Week 17 NFL Preview: Deciding factors in this week's games
With plenty to be decided in the final week of the regular season, Owen Ravenna picks out the key matchups in some of the crucial contests in Week 17 of the NFL…
Pittsburgh Steelers @ Cleveland Browns
While this is a must-win for Cleveland to secure their postseason berth, the Steelers have locked up their playoff spot and are resting some of their starters. The Browns will be happy to get their receiving corps back, as they will be essential to getting the win. With OLB Alex Highsmith developing as a reliable player for the Steelers, it allows them to defend the run better on both sides of the line, as TJ Watt will typically attack the right side of the offense, leaving Highsmith on the left.
The Browns will run up the middle and to the outside varyingly, using their TEs as extra blockers and to disguise their plays. Whether or not they can run the ball effectively won’t be the main concern for the Browns, as it will allow them to incorporate more play action and RB screens, getting their playmakers into space. Once their full passing attack is opened up, the Browns can attack the outside of the field more, as well as intermediate throws over the middle to the TEs. WR screens and short in routes will help gain yardage, but the deeper curls, hitch and out routes by the TEs will net the biggest yards in the first half.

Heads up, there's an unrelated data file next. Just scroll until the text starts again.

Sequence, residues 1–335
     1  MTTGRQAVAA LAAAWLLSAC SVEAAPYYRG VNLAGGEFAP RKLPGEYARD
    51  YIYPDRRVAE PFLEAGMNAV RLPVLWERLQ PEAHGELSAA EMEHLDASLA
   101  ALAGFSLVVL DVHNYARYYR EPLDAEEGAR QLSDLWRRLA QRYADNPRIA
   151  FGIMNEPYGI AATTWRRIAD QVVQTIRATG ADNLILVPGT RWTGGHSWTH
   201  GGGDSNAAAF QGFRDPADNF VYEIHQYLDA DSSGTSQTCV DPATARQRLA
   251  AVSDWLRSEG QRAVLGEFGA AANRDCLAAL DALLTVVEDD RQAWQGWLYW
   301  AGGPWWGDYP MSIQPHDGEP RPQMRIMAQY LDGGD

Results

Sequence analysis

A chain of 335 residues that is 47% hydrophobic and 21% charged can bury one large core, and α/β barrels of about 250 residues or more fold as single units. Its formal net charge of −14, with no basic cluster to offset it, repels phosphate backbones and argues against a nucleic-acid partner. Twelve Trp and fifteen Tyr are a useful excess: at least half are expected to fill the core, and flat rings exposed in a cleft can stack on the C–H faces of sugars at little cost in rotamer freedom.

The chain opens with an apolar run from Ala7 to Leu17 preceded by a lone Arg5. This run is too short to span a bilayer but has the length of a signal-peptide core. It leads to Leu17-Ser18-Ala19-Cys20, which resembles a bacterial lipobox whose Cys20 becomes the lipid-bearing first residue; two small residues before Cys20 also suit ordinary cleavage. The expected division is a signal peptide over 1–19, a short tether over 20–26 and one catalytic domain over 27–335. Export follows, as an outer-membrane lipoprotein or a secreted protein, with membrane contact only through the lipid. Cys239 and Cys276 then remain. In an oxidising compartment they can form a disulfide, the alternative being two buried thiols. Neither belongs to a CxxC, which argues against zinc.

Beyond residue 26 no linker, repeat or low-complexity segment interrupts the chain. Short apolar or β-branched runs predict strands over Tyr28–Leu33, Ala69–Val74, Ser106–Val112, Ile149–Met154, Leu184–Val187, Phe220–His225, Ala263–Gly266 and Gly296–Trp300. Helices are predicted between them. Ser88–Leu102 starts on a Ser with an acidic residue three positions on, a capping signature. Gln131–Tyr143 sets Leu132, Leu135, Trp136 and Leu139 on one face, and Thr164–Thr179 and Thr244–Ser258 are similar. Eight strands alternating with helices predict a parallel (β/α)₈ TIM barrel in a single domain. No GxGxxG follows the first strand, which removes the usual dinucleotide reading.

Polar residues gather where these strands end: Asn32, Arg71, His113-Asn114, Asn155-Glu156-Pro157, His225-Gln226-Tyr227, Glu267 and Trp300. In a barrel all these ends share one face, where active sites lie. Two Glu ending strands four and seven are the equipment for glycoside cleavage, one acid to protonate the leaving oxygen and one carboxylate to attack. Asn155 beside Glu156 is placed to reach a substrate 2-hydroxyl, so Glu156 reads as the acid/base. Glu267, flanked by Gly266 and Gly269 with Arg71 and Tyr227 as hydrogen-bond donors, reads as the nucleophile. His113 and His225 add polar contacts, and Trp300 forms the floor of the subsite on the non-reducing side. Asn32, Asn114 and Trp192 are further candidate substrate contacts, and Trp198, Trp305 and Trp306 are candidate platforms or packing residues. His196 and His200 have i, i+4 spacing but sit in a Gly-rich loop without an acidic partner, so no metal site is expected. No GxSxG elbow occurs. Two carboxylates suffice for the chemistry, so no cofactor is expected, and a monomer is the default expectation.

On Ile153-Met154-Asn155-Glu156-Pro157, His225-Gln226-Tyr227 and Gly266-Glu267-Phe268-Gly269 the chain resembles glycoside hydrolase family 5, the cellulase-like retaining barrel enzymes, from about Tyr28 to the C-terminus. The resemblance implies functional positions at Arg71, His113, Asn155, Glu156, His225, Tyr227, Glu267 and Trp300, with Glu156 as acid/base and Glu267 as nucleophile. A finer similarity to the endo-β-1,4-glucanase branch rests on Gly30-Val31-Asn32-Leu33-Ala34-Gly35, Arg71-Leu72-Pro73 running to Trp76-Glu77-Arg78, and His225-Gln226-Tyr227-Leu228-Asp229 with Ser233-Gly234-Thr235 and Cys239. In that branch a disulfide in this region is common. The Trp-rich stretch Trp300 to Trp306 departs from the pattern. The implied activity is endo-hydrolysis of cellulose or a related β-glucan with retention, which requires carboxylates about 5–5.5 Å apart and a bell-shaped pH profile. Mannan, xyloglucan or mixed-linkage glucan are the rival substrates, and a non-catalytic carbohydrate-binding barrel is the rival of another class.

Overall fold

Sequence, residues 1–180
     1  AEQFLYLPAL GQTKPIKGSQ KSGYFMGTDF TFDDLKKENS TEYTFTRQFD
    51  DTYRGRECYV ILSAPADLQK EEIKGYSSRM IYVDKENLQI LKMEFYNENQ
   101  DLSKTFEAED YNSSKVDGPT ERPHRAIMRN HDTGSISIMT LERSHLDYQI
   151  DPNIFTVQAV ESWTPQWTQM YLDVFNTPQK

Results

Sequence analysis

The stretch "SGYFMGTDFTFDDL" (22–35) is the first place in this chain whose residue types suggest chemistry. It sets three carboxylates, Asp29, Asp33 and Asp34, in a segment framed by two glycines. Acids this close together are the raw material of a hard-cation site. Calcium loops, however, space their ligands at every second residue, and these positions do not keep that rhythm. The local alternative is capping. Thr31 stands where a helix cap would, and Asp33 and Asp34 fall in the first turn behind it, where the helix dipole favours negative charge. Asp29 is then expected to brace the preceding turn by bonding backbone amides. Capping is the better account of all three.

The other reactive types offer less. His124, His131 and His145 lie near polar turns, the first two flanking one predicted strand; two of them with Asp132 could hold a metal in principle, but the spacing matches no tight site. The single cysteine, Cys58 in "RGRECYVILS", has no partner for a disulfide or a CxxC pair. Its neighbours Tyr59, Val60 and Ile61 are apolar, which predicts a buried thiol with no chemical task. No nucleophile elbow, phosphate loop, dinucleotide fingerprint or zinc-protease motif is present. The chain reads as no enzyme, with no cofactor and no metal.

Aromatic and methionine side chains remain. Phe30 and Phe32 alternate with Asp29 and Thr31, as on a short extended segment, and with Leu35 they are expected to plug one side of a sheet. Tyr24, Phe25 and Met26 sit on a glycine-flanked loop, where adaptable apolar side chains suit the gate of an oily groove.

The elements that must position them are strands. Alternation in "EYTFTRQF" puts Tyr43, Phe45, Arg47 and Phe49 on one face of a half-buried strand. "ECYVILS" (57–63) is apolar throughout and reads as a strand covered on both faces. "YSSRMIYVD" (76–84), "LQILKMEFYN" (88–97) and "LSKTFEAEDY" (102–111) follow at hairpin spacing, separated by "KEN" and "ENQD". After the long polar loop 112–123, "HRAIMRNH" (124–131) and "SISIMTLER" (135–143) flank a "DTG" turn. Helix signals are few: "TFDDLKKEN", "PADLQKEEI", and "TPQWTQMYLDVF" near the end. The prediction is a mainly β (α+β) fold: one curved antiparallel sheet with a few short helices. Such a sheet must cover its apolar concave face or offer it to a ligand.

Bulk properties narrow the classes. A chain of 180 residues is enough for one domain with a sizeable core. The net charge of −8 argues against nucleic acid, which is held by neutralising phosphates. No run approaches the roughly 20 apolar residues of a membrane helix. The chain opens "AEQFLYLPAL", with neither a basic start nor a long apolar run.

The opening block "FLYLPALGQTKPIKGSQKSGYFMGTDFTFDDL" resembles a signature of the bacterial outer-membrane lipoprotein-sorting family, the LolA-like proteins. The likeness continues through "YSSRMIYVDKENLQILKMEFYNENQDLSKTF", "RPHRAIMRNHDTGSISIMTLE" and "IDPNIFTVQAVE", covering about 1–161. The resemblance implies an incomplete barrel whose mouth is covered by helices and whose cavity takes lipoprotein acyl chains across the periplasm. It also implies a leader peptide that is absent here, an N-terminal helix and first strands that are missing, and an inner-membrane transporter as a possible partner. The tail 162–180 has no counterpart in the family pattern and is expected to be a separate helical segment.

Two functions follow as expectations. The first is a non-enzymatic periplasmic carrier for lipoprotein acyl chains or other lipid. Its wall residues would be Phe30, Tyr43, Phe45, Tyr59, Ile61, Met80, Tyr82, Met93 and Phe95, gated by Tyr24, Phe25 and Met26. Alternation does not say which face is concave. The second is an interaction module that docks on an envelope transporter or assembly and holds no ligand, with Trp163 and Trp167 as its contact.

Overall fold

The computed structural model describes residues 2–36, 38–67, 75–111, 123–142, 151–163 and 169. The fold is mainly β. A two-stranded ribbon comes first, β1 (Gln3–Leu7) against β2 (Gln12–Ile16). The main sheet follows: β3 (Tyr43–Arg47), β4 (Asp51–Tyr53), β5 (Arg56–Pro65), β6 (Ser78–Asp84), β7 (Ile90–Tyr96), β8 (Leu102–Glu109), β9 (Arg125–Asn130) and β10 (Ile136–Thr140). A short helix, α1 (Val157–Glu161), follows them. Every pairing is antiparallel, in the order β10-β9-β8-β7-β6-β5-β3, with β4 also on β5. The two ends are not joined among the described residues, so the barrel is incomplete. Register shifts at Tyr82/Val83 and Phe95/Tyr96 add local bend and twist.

Cleveland will get a few chances to score before the third quarter, but until the starters are pulled, they won’t get a lot of time for deep passing plays to develop. Pittsburgh’s own offense, despite needing to get their rhythm going after struggling for the past month, will ensure nobody gets injured. The Steelers’ struggling run game won’t get going against the Browns’ strong run defense, but they should find space against the secondary. Throwing to the opposite side as CB Denzel Ward, and attacking the LBs with the RBs in the flats and TE Eric Ebron on crossing routes, should allow Pittsburgh to move the ball through the air, if QB Mason Rudolph can make the throws open to him.
If this draws Cleveland into sliding their LBs to over the OTs instead of the B gap, this could then allow the Steelers to get yards on the ground up the middle, especially with counters and the TE pulling inside to block. The best case scenario for the Browns is that they are ahead by multiple scores in the second quarter, and get to close it out against backups. However, they can’t rely on other results going their way, and need to be more balanced on offense this week, even if the Steelers aren’t intent on winning.
Miami Dolphins @ Buffalo Bills